Branch out : Move into a different area of business, etc.
The supermarkets have BRANCHED OUT into banking.
Break away : Leave an organization, usually to form a new one
The SDP BROKE AWAY from the Labor Party.
Break down :
- End negotiations unsuccessfully
The talks between management and the unions BROKE DOWN acrimoniously.
- Start crying
He BROKE DOWN in tears.
- Stop working
My car’s BROKEN DOWN, so I came by taxi.
Break in :
- Go into a building to steal something
The burglars BROKE IN and stole the TV and video.
- Interrupt something
I’m sorry to BREAK IN on your conversation, but there’s a problem.
- Train a horse to be ridden
It took ages to BREAK the horse IN.
Break off :
- Break a piece from something
She BROKE OFF a square of chocolate and gave it to her dog.
- End a relationship
She BROKE OFF their engagement when she found out that he’d been unfaithful.
Break out of : Escape
Three dangerous Category A prisoners BROKE OUT OF Wands worth Prison last night.
Break through : Pass a barrier or obstacle
The crowd BROKE THROUGH the police barriers and attacked the hunters.
Break up :
- Break into many pieces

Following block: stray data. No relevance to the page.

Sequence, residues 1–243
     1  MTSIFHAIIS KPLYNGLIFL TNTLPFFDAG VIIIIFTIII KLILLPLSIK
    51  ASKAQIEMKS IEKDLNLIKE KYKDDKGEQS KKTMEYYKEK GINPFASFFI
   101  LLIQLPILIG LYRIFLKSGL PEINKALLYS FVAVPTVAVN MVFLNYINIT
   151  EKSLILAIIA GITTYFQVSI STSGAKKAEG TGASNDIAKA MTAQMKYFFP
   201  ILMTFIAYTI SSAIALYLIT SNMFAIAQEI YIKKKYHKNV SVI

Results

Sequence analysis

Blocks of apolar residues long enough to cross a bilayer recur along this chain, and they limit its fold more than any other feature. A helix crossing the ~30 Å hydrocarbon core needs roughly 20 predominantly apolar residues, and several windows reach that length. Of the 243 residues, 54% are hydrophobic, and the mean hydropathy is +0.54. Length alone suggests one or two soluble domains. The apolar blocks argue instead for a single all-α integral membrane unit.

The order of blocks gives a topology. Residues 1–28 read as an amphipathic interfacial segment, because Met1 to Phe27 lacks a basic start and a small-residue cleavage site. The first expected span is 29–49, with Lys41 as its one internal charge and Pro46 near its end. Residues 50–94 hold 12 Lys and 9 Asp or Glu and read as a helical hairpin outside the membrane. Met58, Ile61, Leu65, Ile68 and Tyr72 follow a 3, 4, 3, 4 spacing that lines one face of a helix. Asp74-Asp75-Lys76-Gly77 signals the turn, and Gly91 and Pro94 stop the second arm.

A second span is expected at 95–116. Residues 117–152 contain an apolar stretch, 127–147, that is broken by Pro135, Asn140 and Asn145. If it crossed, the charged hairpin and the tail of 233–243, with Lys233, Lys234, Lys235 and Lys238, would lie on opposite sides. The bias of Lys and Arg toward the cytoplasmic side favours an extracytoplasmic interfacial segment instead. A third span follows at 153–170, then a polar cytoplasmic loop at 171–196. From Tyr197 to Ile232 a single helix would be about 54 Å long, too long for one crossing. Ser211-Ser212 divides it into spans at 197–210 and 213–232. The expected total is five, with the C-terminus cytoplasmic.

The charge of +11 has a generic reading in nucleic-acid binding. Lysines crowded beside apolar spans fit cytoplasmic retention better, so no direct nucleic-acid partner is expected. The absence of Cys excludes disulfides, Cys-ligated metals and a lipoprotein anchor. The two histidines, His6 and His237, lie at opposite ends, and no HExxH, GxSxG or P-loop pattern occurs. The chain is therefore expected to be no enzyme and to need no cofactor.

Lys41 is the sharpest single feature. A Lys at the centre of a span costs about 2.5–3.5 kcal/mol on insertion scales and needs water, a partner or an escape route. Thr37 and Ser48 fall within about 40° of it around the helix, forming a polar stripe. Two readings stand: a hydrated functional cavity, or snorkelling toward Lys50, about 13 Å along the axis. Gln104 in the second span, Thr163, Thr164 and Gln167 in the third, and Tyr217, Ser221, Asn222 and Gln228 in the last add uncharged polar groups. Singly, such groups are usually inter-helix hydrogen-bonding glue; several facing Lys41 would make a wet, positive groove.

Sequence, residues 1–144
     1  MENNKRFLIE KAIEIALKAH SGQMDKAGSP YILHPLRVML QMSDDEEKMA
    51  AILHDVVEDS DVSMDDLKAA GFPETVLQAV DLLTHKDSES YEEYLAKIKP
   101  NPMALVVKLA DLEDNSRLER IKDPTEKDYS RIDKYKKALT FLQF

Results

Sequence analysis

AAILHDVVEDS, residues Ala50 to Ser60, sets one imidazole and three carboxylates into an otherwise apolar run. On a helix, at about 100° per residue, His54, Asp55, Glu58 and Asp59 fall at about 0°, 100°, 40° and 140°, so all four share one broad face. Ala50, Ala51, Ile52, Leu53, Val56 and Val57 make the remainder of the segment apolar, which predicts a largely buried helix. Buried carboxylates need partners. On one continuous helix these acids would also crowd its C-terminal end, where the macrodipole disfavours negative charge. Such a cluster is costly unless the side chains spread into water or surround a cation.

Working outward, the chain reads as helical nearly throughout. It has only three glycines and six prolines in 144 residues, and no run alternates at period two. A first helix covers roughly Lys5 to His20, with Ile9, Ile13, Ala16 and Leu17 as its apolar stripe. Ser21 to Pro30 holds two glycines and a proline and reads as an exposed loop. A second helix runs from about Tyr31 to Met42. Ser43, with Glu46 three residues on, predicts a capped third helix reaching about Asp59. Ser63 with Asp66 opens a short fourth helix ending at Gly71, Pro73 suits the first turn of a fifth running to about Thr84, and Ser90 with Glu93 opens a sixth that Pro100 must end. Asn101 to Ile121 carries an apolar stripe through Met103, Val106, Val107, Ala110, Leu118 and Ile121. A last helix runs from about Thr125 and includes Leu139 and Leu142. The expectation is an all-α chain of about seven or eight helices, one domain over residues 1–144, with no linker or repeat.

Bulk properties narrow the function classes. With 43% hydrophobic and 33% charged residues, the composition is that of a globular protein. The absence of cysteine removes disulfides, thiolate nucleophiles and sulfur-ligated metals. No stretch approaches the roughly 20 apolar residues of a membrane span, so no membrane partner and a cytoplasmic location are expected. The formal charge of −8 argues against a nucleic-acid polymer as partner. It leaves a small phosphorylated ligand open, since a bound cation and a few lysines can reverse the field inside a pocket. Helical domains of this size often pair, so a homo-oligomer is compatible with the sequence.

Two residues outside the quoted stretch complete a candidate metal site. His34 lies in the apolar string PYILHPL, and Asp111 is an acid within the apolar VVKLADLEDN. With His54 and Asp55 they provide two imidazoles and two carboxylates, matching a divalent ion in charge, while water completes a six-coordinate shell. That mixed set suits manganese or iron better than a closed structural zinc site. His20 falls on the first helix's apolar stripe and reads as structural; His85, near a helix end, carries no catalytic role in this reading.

The plate BROKE UP when he dropped it on the floor.
- Close an educational institution for the holidays
Schools BREAK UP at the end of June for the summer holidays.
- Finish a relationship
They had been going out for a couple of years before they BROKE UP.
Breeze along : Move easily and quickly
The film BREEZES ALONG for the first hour then becomes rather dull and slow.
Breeze in : Enter a place quickly
He BREEZED IN and started shouting at us.
Breeze into : Enter a place quickly
He BREEZED INTO the room and switched the TV on.
Breeze through : Pass easily, succeed
She BREEZED THROUGH her exams.
Brighten up :
- Improve (weather)
The day started cloudy but BRIGHTENED UP in the afternoon.
- Become happier
He BRIGHTENED UP when he heard the news.
- Make something more attractive or pleasant
We tried to BRIGHTEN the place UP by painting it.
Bring about : Make something happen
The changes to the law were BROUGHT ABOUT by the government because so many people were ignoring the old one.
Bring along :
- Bring someone or something to certain place
You can BRING your friends ALONG if you like.
- Help someone improve
Her coach has BROUGHT her ALONG a lot in the last six months.
Bring around :
- Persuade or convince someone
It took me ages to BRING him AROUND to my point of view.
- Bring something with you when you visit
He BROUGHT some books AROUND when he came last night.
- Get someone talking about something
He did not want to discuss the details, but I managed to BRING him AROUND and he told me everything.
Bring back :
- Cause someone to remember
Visiting my old school BROUGHT BACK memories of when I was a pupil there.
He took the calculator home yesterday and hasn’t BROUGHT it BACK yet.